Medicines have benefits and some have risks. Always read the label and use only as directed. If symptoms persist or you have side effects see your health professional. Brands and generics both contain the same active ingredient(s) and are medically equivalent. Some brands are marketed under different names by the same manufacturer depending on the country of origin. Images are provided as a reference only, the received medicine may vary in packaging, color, pill shape, etc, from one batch to the next. For an item marked "generic" any quality brand may be sent, however you will always receive the active ingredients ordered in the strength(s) ordered.
Antidep (imipramine) is a tricyclic antidepressant medication, predominantly used to treat depression. Less commonly it is used to help manage bedwetting in children, and rarely it may be used to treat other conditions.
Antidep is administered by tablets, which can be taken with or without food. At lower doses it's often taken once a day, at higher doses it may be divided into 2 to 4 smaller doses taken throughout the day.
Children under 6 years of age should not be given this medication. Young and elderly patients may require modified dosing.
Depression & Related Disorders
Antidep is by far most often prescribed to treat depression, but may also be prescribed to help with anxiety, ADHD, panic attacks, OCD, and so forth. In most cases, however, more recently-developed SSRIs or SNRIs are preferred.
Like most antidepressants Antidep is thought to work by influencing levels of neurochemicals in the brain.
Interestingly, Antidep is among more useful treatments for endogenous depression, also known as melancholia. This type of depression is defined as depression without the presence of stress, trauma, or other outside factors; its cause is thought to be genetic or biological.
Treating depression and other psychiatric disorders is typically similar, though personal variables such as weight and patient response will cause some variance in dosage:
Smaller doses are usually taken just once per day; larger doses are often divided into 2, 3, or 4 smaller doses taken throughout the day.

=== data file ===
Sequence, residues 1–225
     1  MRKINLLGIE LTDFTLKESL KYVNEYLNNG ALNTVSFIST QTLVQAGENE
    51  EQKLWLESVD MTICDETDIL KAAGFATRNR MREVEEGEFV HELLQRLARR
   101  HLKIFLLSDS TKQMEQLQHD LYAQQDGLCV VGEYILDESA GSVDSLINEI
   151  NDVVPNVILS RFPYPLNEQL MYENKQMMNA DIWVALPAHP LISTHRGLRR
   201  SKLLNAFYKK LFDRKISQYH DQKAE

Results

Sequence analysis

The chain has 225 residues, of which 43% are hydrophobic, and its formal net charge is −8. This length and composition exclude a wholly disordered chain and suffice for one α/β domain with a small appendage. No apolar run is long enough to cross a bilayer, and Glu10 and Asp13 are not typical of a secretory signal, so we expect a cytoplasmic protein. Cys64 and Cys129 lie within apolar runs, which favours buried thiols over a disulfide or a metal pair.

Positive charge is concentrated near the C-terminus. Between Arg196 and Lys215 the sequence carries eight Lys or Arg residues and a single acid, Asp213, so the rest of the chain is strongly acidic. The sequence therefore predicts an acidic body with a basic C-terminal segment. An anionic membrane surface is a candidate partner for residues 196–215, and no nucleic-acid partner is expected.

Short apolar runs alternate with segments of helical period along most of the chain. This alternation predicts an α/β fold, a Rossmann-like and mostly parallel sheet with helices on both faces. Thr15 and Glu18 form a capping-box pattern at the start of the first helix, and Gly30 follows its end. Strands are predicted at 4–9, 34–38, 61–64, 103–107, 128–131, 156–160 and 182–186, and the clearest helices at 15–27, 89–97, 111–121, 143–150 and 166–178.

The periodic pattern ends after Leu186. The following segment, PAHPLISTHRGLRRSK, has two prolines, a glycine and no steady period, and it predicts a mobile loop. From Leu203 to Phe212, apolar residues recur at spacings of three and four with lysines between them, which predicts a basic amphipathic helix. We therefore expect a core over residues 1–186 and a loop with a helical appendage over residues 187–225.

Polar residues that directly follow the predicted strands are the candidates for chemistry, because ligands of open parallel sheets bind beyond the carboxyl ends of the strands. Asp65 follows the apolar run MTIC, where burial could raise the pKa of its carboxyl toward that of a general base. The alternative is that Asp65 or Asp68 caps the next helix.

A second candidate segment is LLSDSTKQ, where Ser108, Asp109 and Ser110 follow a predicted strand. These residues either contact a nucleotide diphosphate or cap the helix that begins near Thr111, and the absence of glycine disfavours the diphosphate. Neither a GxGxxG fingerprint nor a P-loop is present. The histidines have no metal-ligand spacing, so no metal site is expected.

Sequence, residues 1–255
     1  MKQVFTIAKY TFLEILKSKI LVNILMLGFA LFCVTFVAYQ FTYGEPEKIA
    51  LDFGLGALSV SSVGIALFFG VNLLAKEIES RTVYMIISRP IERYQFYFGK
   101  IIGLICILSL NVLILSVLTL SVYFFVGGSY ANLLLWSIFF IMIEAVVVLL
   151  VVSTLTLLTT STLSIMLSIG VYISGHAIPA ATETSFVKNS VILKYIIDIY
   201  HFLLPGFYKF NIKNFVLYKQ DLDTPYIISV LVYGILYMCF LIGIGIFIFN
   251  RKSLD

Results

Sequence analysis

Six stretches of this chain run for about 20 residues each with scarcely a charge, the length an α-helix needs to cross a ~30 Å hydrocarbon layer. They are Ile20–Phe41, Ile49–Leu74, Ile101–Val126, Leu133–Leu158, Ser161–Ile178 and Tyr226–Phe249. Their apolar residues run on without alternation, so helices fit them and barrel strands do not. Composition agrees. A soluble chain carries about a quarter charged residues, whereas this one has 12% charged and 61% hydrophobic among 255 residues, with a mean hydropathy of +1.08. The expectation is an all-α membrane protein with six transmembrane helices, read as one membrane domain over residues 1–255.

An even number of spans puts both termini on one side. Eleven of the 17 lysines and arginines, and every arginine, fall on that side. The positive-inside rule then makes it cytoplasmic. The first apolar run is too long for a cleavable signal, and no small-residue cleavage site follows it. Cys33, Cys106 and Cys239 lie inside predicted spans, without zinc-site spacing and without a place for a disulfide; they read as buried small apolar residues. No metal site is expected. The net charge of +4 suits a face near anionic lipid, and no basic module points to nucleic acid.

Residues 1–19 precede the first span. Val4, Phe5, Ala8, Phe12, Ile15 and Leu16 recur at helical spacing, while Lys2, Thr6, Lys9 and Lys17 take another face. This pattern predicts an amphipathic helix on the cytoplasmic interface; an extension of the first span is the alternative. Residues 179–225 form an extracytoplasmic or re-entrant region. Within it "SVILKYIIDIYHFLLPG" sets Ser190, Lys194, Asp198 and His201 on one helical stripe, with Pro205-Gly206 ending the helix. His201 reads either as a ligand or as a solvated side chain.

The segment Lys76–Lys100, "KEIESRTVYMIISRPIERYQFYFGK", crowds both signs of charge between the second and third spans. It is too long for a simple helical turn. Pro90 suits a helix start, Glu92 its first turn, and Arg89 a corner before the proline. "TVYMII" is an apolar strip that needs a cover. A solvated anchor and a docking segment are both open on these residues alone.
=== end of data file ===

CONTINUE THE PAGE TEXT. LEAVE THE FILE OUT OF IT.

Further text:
Treatment usually lasts at least 6 to 9 months. When it is time for treatment to end, especially if higher doses were taken, dosage should be gradually tapered down over several weeks. Abruptly ending treatment can cause unpleasant side effects. A doctor can help with a discontinuation plan.
Antidep is used to treat bedwetting in children age 6 and up. In children under age 6 bedwetting is usually not considered a problem that warrants medical treatment. Other causes, such as physical abnormalities, should be ruled out before starting treatment.
Treatment is typically:
Some parents find that splitting the daily dose into two doses, one given in the afternoon and the other an hour before bedtime, produces better results.
If bedwetting stops, treatment should periodically end to see if it's still needed.
Results using this medication for bedwetting are mixed. Most parents find it does reduce bedwetting, but it may not stop it altogether. If Antidep doesn't help significantly, a doctor may be able to suggest alternative therapies.
Antidep is used in a wide range of other, often unrelated, conditions, including chronic pain, migraines, night terrors, and so forth.
In these conditions conditions treatment can vary widely, but typically involves lower doses of 25 to 75 mg per day. Treatment usually lasts for a few weeks or a few months. In some conditions, such as migraines, treatment may continue for considerably longer, even indefinitely, provided doses are low and no persistent side effects are experienced.
These are all off-label uses. Off-label use is legal provided a doctor prescribed the medication, but it can be difficult or impossible to find widely-accepted treatment guidelines. Patients wanting to use Antidep for off-label purposes are advised to find a doctor or organization familiar with using the medication for a given purpose. Doctor instructions should always be followed.